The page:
People are absolutely losing their minds over a $5,000 fee that was merely mentioned in Valve's new blog posting about Steam Direct. Oh yeah, Valve announced Steam Direct today. Steam Direct is slated to completely replace Steam Greenlight. That's the good news!

The bad news is that people are more focusing more on one particular aspect of today's announcement: Pricing. See, Valve asked developers how much they would be willing to pay to get their game added to Steam Direct. The prices they got back ranged from $100 to $5,000. Naturally, you can guess that everybody is focusing on that $5k figure and are making a mountain out of a molehill.

See, Valve hasn't actually announced what their pricing structure is actually going to be. They just passed along the results of their polling. That's it. That's literally it. Stop freaking out. If Valve comes along later on and officially says that they're going to require everyone interested in Steam Direct to pony up $5,000, then you can freak out. Until then just stop. You look silly complaining about that.

Anyway, what exactly is Steam Direct?
A better path for digital distribution

I suppose that's neat? What did Valve actually take away from their clustertruck of a mess that is Steam Greenlight?
After the launch of Steam Greenlight, we realized that it was a useful stepping stone for moving to a more direct distribution system, but it still left us short of that goal. Along the way, it helped us lower the barrier to publishing for many developers while delivering many great new games to Steam. There are now over 100 Greenlight titles that have made at least $1 Million each, and many of those would likely not have been published in the old, heavily curated Steam store.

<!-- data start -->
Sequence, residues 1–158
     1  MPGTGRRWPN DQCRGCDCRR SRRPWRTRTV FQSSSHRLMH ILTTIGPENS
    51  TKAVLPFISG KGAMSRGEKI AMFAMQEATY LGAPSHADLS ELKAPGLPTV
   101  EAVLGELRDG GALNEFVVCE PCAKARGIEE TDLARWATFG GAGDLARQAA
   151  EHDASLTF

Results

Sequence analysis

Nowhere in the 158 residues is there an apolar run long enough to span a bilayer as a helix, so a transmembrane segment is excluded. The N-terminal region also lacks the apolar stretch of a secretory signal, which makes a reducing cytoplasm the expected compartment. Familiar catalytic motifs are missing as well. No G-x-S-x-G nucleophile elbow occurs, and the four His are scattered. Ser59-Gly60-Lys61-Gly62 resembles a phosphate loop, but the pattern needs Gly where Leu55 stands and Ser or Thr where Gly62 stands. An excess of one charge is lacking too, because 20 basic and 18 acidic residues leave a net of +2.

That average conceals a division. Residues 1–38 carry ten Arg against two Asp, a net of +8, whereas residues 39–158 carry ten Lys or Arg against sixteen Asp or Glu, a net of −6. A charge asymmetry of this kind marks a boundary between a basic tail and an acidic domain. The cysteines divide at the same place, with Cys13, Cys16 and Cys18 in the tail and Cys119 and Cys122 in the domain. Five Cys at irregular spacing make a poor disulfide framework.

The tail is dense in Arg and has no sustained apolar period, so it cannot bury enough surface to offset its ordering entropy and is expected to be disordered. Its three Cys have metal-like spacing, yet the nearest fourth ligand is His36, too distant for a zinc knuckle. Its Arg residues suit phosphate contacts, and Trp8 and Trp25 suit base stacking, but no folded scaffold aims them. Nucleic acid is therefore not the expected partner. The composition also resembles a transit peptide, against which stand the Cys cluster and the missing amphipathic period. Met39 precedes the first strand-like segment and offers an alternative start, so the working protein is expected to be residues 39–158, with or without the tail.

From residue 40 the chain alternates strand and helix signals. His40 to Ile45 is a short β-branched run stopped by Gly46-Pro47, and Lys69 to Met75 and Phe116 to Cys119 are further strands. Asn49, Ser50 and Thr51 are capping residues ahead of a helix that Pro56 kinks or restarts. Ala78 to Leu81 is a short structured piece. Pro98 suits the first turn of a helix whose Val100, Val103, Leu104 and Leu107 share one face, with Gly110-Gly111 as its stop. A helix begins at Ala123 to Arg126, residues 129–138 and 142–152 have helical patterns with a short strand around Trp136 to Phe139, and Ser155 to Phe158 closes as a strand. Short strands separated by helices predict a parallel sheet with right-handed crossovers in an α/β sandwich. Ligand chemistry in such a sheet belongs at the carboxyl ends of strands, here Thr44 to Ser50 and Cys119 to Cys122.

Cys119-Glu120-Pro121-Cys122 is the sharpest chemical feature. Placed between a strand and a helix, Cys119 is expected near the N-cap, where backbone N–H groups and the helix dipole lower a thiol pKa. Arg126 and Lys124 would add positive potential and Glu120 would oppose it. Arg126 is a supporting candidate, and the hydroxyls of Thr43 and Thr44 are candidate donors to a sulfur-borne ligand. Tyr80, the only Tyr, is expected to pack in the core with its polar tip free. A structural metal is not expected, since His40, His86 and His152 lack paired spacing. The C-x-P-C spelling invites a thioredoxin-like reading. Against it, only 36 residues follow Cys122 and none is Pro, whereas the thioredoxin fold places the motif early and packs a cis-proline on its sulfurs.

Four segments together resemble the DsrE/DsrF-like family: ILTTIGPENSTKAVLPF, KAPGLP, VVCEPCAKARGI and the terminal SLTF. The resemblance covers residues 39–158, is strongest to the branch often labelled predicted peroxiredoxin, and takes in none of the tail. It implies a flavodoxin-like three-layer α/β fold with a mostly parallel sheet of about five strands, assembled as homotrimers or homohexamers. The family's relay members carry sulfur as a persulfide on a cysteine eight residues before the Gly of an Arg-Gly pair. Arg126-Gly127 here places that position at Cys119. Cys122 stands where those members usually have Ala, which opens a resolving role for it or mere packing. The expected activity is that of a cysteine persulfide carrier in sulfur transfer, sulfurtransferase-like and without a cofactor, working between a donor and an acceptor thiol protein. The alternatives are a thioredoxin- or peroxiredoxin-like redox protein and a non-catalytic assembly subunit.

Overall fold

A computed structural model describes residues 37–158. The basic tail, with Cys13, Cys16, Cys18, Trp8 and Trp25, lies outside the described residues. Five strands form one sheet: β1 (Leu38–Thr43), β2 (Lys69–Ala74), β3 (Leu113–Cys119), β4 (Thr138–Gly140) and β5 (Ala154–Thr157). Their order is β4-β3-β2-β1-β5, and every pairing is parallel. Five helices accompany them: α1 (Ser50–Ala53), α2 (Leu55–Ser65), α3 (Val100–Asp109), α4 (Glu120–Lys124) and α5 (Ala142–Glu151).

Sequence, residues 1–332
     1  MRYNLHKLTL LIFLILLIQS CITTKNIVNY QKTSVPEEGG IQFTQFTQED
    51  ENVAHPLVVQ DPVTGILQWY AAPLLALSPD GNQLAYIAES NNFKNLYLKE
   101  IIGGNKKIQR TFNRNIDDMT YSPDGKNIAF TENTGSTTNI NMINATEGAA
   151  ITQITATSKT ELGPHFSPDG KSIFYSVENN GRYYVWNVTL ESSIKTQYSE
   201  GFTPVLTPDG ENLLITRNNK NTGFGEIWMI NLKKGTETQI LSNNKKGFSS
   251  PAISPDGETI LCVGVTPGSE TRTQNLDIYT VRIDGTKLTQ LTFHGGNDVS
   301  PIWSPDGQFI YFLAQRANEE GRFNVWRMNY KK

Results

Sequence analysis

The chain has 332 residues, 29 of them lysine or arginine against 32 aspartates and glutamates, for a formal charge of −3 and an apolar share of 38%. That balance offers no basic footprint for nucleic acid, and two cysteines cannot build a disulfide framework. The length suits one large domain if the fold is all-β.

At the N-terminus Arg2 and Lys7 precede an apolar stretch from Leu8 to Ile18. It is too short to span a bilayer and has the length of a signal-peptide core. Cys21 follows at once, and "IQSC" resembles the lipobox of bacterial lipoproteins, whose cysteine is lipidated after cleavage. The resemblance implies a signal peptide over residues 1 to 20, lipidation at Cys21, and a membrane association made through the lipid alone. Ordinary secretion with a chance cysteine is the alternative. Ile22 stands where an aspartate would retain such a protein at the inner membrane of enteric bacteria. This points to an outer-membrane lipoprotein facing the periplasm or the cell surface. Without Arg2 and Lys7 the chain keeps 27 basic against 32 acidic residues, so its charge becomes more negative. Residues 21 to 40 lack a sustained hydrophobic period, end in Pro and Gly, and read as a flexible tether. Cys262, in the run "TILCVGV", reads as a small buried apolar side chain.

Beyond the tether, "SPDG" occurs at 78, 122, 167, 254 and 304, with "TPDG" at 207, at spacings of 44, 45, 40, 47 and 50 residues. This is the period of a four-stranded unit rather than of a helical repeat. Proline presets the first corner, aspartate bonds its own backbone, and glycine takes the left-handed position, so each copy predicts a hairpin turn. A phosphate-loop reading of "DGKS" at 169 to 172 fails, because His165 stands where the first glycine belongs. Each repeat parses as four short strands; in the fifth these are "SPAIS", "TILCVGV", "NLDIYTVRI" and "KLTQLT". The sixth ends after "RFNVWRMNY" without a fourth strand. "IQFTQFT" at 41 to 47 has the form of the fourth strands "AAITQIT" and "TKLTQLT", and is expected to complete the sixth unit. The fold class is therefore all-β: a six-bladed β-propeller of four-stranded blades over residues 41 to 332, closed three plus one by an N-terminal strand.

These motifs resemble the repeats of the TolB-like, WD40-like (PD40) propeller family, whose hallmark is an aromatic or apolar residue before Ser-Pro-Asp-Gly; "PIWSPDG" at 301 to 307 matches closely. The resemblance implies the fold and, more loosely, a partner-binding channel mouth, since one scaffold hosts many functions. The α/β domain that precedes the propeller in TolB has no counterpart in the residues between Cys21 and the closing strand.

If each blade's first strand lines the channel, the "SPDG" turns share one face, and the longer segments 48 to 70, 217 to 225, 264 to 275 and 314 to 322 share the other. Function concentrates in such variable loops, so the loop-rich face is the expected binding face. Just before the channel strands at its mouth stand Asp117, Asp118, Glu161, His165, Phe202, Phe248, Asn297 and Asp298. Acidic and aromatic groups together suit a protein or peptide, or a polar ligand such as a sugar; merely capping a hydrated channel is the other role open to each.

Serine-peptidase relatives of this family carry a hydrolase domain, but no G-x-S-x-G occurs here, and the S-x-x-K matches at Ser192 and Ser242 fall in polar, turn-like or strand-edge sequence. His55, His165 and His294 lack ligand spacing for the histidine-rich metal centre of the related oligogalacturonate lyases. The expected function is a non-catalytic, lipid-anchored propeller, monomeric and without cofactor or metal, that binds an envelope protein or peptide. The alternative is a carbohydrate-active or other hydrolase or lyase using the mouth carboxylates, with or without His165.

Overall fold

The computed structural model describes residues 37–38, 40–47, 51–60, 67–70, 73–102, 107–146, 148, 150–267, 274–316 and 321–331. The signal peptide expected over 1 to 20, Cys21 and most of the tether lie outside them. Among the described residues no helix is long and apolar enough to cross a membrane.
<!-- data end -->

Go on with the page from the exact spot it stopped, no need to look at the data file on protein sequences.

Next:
These unforeseen successes made it abundantly clear that there are many different audiences on Steam, each looking for a different experience. For example, we see some people that sink thousands of hours into one or two games, while others purchase dozens of titles each year and play portions of each. Some customers are really excited about 4X strategy games, while others just buy visual novels.

Greenlight also exposed two key problems we still needed to address: improving the entire pipeline for bringing new content to Steam and finding more ways to connect customers with the types of content they wanted.

To solve these problems a lot of work was done behind the scenes, where we overhauled the developer publishing tools in Steamworks to help developers get closer to their customers. Other work has been much more visible, such as the Discovery Updates and the introduction of features like user reviews, discovery queues, user tags, streamlined refunds, and Steam Curators.

Yes, but what about the shovelware and the asset flip games that plague Greenlight? Sadly, Valve didn't really talk about that. What they did mention were some of the details about their Discovery Update. You can find that information via Gamasutra. An example of the data can be seen below.